The second book I want to show off is the one I'm really excited about. I ordered it as a summer treat to myself, as I haven't bought a book to keep in a little while.  It's Beatrix Potter: A Journal, one of those enchanting interactive books like the one I featured here, or the Dragonology or Egyptology books.

Beatrix Potter: A Journal, "a work of fiction based on Beatrix Potter's journal and letters."
Frederick Warne & Co, a division of Penguin Books, 2006.

The book is full of photographs, illustrations, and very cool things to explore, such as the little photo album you see in the above picture.  Here it is close up:

It follows her early life, such as her bouts with illness, the animals in her life, holidays with the family.  We glimpse her early career as the illustrator of Christmas cards.

The Tale of Peter Rabbit came about via a letter she wrote to the ailing child of her former governess.  There is an envelope, bearing a reproduction of that letter.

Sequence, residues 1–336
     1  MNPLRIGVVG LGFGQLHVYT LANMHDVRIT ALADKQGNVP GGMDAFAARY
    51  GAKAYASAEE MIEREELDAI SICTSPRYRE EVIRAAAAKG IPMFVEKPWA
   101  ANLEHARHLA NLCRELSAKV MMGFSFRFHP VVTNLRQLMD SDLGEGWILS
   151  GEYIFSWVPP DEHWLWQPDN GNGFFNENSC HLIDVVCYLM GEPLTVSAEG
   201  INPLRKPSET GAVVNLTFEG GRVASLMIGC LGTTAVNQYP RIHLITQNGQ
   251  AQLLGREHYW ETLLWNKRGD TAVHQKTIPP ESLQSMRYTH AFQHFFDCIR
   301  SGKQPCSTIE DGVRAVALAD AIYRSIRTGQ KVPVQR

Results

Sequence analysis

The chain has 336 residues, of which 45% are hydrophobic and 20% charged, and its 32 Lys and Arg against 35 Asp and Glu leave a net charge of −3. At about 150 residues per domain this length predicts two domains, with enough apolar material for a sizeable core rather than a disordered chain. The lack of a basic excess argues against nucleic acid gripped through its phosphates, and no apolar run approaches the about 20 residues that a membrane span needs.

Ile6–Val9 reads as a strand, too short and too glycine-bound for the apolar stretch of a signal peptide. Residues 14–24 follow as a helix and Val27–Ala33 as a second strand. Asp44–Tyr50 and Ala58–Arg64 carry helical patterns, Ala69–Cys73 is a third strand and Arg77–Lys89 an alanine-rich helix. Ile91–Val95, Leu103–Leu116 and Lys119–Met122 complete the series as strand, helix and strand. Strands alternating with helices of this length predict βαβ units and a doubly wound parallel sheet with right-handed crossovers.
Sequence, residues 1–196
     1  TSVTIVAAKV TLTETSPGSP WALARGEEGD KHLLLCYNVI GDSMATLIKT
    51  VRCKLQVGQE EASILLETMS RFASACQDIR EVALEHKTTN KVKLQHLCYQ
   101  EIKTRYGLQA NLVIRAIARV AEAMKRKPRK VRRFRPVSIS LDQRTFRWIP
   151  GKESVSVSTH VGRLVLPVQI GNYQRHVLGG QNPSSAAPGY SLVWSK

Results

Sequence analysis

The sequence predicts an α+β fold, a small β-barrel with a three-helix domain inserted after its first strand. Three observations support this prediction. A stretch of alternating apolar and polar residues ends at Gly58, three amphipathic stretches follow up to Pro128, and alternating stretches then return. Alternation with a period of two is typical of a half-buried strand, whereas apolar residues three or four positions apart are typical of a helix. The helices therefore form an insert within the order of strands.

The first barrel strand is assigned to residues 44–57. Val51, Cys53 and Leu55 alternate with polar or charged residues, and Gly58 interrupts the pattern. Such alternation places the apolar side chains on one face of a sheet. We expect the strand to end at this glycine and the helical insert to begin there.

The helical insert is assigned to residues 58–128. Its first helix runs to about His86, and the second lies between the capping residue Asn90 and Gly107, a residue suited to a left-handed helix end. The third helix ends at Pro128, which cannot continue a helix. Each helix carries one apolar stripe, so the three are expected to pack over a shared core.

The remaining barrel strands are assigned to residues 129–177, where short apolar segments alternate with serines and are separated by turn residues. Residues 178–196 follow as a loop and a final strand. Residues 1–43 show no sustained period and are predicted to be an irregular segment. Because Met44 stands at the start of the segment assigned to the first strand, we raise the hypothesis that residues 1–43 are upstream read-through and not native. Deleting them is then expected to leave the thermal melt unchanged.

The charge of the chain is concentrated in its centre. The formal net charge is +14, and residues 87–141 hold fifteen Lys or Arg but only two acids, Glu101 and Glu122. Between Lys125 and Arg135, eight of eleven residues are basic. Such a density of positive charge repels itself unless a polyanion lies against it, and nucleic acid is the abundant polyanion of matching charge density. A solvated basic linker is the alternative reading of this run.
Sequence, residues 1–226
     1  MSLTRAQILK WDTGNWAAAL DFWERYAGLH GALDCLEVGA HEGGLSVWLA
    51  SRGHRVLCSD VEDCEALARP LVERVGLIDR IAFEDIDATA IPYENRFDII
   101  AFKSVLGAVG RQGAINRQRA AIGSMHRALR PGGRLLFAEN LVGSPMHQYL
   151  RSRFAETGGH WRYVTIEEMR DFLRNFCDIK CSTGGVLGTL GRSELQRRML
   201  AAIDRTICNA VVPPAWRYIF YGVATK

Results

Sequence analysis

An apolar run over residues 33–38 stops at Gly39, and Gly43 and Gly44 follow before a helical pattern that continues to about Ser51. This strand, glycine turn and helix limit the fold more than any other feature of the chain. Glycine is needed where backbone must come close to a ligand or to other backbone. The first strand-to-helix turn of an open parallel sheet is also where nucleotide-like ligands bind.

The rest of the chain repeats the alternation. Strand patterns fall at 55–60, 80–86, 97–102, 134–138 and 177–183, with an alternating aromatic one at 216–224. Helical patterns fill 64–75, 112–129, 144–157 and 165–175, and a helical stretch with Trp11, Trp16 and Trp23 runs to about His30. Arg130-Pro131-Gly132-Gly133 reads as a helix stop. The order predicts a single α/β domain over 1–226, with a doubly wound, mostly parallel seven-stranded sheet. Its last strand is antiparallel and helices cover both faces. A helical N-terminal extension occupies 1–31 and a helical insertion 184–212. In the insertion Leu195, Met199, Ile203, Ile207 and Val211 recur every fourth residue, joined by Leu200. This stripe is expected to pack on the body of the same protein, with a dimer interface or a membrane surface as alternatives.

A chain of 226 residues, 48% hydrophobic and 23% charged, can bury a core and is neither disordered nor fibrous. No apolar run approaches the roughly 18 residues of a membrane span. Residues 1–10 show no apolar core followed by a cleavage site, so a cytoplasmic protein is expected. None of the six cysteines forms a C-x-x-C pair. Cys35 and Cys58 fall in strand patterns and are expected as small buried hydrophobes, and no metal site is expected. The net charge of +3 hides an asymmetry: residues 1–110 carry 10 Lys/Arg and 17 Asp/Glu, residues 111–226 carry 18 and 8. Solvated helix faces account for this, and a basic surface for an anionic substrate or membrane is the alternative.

Potter's visits to the Lake District and purchase of Hill Top farm are recorded, with an attached map.

She could not find a publisher for Peter Rabbit, which she insisted be printed in a small format.  She published the book herself, independently, in black and white.  The book did surprisingly well, and friends urged her to try once more to find a real publisher. Frederick Warne was now interested, and willing to put the book out in her preferred "little" format, but they wanted color. Norman Warne, the youngest partner in the company, worked with Beatrix in making sure the new three-color printing process captured the colors to her satisfaction.